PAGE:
KAZAKHSTAN: Germany rejects extradition request
Germany rejected Kazakhstan's request to extradite Murat Bakrayev for talks on Islam Kazakhstan insists incited hatred and terrorism. A Kazakh judge ordered Muslim books destroyed, including a hadith collection. A Kazakh court rejected Muslim prisoner of conscience Kuanysh Bashpayev's request for conditional release after earlier torture.
Bakrayev rejected all of Kazakhstan's claims that he had incited religious hatred and promoted terrorism. Detained by the German authorities on 20 September 2018, he spent a total of five months in detention in Germany as he fought Kazakhstan's extradition request (see below).
The German authorities detained Bakrayev on the basis of an Interpol Red Notice initiated by Kazakhstan. Human rights defenders have criticised governments' misuse of Interpol Red Notices to target individuals – including human rights defenders - on political grounds (see below).
Kazakh courts on occasion order religious literature seized in criminal or administrative cases to be destroyed. Human rights defender Yevgeny Zhovtis described such court-ordered book destructions to Forum 18 in 2015 as "barbarism".
A court in Aktau has rejected an appeal by Muslim prisoner of conscience Kuanysh Bashpayev to be transferred to a sentence served outside of a jail after serving more than half his jail term. His 14 January appeal to the court, seen by Forum 18, notes his six young children at home, as well as his health problems caused by prison conditions and torture inflicted on him while in a labour camp in Pavlodar (see below).
Meanwhile, two more Muslim prisoners of conscience have been added to the Finance Ministry Financial Monitoring Committee List of individuals "connected with the financing of terrorism or extremism". Being added to the List means that any bank accounts an individual may have are blocked with no further legal process. Their families are allowed to withdraw only small amounts for daily living if they do not have other sources of income.
Abilai Bokbasarov, jailed in Balkhash on 9 January for alleged membership of the Tabligh Jamaat Muslim missionary movement, was added on 15 February. Dadash Mazhenov, jailed in Burabai on 16 November 2018 for posting online talks on Islam which the authorities claim promoted terrorism, was added on 25 February 2019.
Mazhenov's family have vowed to continue their fight to have his conviction overturned, through the Supreme Court, a review of the investigation, or an appeal to the United Nations human rights bodies. Mazhenov was transferred on 21 February to a labour camp in the southern city of Shymkent to serve his sentence, about 1,200 kms from his home (see below).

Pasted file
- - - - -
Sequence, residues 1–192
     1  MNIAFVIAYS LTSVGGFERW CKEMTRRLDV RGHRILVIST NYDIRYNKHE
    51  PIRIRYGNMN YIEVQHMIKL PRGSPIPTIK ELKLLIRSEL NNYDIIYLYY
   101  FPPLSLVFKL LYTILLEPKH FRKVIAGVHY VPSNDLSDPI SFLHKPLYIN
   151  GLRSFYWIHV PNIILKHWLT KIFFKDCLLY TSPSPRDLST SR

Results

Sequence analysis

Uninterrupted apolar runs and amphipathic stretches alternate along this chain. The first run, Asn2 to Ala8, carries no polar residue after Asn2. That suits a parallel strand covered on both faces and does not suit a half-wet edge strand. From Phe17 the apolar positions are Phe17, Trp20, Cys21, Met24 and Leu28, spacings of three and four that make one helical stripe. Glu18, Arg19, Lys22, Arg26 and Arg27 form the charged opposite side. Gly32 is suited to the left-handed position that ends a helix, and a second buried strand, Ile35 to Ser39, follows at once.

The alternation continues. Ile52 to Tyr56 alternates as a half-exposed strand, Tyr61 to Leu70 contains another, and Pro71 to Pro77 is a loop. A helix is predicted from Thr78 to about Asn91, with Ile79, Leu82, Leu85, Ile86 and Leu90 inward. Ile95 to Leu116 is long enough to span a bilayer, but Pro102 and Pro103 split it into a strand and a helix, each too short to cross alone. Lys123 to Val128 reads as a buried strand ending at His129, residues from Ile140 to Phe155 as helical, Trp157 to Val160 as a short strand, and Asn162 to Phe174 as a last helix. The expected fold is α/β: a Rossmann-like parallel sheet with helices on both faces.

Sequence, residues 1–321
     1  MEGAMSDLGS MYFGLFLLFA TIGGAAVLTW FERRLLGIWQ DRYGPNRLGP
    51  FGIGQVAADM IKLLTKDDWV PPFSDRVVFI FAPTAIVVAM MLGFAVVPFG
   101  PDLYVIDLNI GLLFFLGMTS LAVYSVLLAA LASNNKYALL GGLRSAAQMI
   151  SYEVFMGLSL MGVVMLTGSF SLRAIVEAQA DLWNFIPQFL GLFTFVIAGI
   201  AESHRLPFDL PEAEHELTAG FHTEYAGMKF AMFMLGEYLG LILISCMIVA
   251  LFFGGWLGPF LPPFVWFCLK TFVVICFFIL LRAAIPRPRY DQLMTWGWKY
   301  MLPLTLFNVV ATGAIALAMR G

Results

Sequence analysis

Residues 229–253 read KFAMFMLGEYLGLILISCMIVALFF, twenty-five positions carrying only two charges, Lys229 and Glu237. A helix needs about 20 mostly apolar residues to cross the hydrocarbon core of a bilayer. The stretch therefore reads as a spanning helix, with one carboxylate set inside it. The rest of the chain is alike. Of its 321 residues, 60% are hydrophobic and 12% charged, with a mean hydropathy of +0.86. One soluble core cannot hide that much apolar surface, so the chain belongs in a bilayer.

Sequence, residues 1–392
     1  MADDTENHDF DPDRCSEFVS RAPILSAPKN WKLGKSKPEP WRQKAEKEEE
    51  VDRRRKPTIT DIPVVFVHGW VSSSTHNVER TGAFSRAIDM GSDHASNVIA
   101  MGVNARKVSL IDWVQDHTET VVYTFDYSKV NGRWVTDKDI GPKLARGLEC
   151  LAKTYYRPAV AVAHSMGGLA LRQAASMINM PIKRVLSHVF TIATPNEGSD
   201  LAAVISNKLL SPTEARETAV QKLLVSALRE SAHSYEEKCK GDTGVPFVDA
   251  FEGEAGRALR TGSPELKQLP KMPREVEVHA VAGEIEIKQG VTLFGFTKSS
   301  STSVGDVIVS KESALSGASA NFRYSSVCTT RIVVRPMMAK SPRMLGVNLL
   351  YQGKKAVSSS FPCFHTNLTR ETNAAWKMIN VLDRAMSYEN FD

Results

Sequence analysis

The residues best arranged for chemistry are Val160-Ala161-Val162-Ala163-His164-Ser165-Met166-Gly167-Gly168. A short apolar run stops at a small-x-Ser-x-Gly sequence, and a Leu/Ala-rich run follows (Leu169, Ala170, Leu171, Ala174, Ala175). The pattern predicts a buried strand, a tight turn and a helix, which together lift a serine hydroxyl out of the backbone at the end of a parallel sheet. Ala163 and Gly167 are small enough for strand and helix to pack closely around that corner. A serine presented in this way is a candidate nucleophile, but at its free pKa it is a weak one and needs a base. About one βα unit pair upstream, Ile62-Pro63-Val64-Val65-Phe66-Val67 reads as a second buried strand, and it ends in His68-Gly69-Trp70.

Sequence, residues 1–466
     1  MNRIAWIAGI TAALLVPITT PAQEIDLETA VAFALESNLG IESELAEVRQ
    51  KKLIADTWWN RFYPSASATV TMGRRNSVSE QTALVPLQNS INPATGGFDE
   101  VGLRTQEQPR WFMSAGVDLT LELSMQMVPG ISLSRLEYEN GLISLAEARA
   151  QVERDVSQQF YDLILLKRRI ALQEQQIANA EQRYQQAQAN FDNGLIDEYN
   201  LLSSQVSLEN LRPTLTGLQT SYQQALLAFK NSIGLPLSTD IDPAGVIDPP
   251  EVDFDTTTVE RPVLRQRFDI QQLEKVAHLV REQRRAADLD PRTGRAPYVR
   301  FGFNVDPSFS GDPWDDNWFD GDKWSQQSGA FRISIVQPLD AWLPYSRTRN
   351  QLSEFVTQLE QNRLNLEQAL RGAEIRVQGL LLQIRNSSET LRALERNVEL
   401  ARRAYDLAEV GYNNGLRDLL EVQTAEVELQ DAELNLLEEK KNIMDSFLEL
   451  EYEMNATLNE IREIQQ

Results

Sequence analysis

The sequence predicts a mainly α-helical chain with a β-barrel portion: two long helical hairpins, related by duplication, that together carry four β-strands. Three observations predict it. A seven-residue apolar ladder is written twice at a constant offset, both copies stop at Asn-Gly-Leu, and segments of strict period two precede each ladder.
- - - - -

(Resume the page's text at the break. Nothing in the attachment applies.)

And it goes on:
Bakrayev: Extradition request rejectedThe Kazakh authorities have been trying to get back Atyrau-born Sunni Muslim Murat Bakrayev, who left the country with his family in 2005 after threats to arrest him in Atyrau and settled in the Czech Republic.
While working in the Czech Republic, Bakrayev continued to study his Islamic faith and improve his knowledge of Arabic. As well as translating Islamic books from Arabic to Russian he also recorded talks about his faith which he sent to friends who had requested them.
Bakrayev's more than 100 talks covered subjects such as how to fast correctly, how to wash, and marriage. "In no lecture did he call for extremism or violence," a Kazakh friend who is also a refugee told Forum 18 from the Czech Republic in October 2018. "On the contrary, he called on young people to show Islam's good side and to be an example."
By January 2017 the authorities in Atyau had launched a criminal case against Bakrayev. On 9 January 2017 Atyrau City Court No. 2 upheld the Prosecutor's Office suit to have Bakrayev arrested and held in pre-trial detention. The Prosecutor accused Bakrayev of violating Article 164, Part 1 and Article 233-1, Part 2 of the Criminal Code in force until the end of 2014. He also accused Bakrayev of violating Article 405, Part 1 of the current Criminal Code, which came into force on 1 January 2015.
After they failed to find him in Kazakhstan, the Kazakh authorities requested that Interpol issue a Red Notice, which it did in 2017. The German authorities detained Bakrayev on the basis of this Red Notice on 15 September 2018 as he crossed into the country from the Czech Republic.
On 21 February, a panel of three judges at Bamberg court rejected Kazakhstan's extradition request as "inadmissible" and ordered Bakrayev's release from detention, according to the decision seen by Forum 18.
Bakrayev told the court he did not need the compensation available to those who have been held in detentation for long periods, his family told Forum 18. He returned to his home the same day.
Bakrayev intends to try to have Interpol annul the 2017 Red Notice initiated by Kazakhstan. Interpol's headquarters in the French city of Lyon declined to comment to Forum 18 on 28 February on Bakrayev's case. It noted that in such cases, "this information remains under the ownership of that member country. Interpol does not therefore comment on specific cases or individuals except in special circumstances and with the approval of the member country concerned."
Human rights defenders have criticised governments' misuse of Interpol Red Notices to target individuals – including human rights defenders - on political grounds.
As of 1 March, Kazakhstan's General Prosecutor's Office continues to list Bakrayev in its online database of wanted "criminals".
Kazakh court orders Muslim books destroyedTwo men from Atyrau arrested in an apparent attempt to pressure them to give testimony against Murat Bakrayev, were convicted on 6 December 2018. Judge Zhumagali Tashimov of Atyrau City Court No. 2 gave Erzhan Sharmukhambetov and Ermek Kuanshaliyev restricted freedom terms of three and a half years each.
The verdict in the cases, seen by Forum 18, reveals that the judge ordered several Muslim books seized from the two men to be destroyed. The books ordered destroyed included: "Sahih al-Bukhari", a collection of hadith (sayings attributed to the Muslim prophet Muhammad) by the ninth-century scholar Muhammad al-Bukhari; "Gardens of the Righteous" by the thirteenth-century scholar Imam al-Nawawi; and a book by Sheikh Mukhammad-Khusein Alsabekov, an advisor to Kazakhstan's Chief Mufti. The verdict gives no reason for the order to destroy the books.